Private landlords of Residential Properties
The Government has published The Electrical Safety Standards in the Private Rented Sector (England) Regulations 2020 (‘the Act’) which are due to come into force on 1 June 2020 and impose duties on private landlords of residential properties in England in respect of electrical safety standards.
The Regulations apply to new tenancies which begin on or after 1 July 2020.
Existing tenancies will need to comply from the 1 April 2021.
Most tenancies are caught by the regulations, although a number of tenancies including long leases, tenancies granting a right of occupation for a term of seven or years or more, social or resident landlords, care homes, and licences for lodgers (where the occupier is sharing accommodation with the landlord) are excluded.
The Act requires private landlords in England to:
· Ensure that the electrical safety standards (the standards for electrical installations in the 18th edition of the Institution of Engineering and Technology wiring regulations (BS7671:2018)) are met when the premises are let under a tenancy;
· Ensure that a qualified person inspects and tests every fixed electrical installation in the premises at intervals of no more than 5 years and produces a report to the landlord (some reports only last a year and so landlords will need to check the length of the report before commissioning a new report);
· Carry out the first inspection and test before a tenancy commences, in respect of tenancies commencing on or after 1 July 2020;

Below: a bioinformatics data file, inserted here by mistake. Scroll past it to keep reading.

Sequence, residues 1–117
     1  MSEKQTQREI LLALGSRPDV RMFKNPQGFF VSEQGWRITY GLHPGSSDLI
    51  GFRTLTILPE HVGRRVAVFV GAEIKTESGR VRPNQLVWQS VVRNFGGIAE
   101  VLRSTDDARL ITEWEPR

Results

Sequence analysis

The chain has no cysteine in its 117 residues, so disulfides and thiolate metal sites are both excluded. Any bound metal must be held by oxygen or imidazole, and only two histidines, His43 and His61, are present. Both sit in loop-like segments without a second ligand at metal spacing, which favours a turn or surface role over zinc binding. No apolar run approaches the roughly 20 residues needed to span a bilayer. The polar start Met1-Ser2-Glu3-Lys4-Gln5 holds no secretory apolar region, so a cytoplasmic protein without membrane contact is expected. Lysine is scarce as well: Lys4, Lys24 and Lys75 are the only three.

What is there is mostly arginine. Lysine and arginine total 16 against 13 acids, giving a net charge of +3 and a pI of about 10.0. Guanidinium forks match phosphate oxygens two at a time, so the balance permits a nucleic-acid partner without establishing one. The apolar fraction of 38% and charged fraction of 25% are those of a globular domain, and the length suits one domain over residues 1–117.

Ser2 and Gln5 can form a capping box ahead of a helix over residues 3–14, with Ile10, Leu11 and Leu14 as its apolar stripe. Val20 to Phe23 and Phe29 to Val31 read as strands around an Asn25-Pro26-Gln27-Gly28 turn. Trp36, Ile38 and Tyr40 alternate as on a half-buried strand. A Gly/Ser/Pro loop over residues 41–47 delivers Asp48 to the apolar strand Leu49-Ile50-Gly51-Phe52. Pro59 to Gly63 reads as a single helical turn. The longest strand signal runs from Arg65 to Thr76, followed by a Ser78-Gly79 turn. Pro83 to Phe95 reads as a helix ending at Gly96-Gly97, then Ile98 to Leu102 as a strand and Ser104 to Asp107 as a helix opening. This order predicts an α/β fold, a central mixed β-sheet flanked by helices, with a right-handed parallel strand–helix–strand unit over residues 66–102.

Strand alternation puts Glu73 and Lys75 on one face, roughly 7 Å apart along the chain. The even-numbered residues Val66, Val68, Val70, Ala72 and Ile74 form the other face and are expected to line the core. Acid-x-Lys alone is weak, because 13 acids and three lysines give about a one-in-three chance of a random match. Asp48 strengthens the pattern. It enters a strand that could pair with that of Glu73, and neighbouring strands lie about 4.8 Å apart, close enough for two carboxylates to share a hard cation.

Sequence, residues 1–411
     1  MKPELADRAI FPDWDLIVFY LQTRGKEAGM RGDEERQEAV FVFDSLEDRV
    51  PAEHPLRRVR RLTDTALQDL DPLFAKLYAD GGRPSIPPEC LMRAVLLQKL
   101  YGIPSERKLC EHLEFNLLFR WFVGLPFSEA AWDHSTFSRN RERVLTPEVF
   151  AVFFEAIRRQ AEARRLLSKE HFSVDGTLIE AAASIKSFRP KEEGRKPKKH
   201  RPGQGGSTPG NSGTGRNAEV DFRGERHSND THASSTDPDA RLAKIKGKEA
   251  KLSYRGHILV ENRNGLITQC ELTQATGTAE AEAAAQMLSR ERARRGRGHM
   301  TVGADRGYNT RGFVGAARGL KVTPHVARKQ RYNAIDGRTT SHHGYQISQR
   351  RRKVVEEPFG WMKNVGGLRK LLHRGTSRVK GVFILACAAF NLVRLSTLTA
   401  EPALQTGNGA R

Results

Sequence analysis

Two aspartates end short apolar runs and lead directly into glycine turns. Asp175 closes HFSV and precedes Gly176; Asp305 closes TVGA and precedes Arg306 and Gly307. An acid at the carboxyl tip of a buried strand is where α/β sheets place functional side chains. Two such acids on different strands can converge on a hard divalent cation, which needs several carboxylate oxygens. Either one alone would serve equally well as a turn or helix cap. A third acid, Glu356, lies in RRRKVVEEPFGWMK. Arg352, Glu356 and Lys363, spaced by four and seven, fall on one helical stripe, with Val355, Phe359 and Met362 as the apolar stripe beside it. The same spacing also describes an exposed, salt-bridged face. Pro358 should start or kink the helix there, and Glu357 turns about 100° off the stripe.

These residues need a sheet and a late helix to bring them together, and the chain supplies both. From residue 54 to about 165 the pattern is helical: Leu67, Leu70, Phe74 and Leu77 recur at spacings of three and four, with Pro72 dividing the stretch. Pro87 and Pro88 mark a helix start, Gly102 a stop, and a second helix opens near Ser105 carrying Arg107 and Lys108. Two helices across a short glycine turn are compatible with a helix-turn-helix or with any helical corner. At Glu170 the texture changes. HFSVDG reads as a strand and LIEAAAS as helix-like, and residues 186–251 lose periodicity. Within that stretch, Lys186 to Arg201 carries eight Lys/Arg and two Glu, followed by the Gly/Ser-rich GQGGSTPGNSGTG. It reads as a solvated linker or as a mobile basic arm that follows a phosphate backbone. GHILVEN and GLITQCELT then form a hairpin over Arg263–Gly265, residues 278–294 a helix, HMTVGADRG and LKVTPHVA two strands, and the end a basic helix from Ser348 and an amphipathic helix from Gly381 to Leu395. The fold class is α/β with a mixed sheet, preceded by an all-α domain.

· Carry out the first inspection and test before 1 April 2021 for existing tenancies;
· For existing tenancies, supply a copy of the report to each tenant within 28 days, and if requested by the local housing authority, within 7 days of request;
· Supply a copy of the most recent report to a new tenant before occupation, or any prospective tenant within 28 days of a request from the prospective tenant;
· Keep a copy of the report and give it to the person carrying out the next inspection; and
· Carry out further investigative or remedial work within 28 days of the report or within the period specified in the report and supply written confirmation of completion of such further investigative or remedial work to the tenant and local housing authority within 28 days of this work being carried out.
If landlords fail to carry out further investigative or remedial work (where the work is not urgent) the local housing authority will serve a ‘remedial notice’ on the landlord. The landlord then has 28 days to make the improvements or will be given 21 days to object.
If the landlord doesn’t make the necessary improvements or the remedial work is urgent, the local housing authority can access the property with the tenants’ permission to do the work. If the tenants refuse access, the landlord will not be in breach of this requirement. Landlords have the right to appeal against the decision of the local housing authority to take that remedial action.
Landlords who fail to comply with the Act are liable to face fines of up to £30,000.
The Act also amends the electrical safety regulations which currently affect Houses in Multiple Occupation (‘HMOs’) in England to propose new mandatory conditions for licenses to ensure that every electrical installation is in proper working order and safe for continued use.
New covering letters to send electrical reports to prospective and existing tenants, as well as the local housing authority, have been added to the portfolio. There have been updates to the property health and safety policies, compliance checklist and guidance on HMO’s to reflect these legislative changes.
The contents of this Newsletter are for reference purposes only and do not constitute legal advice. Independent legal advice should be sought in relation to any specific legal matter.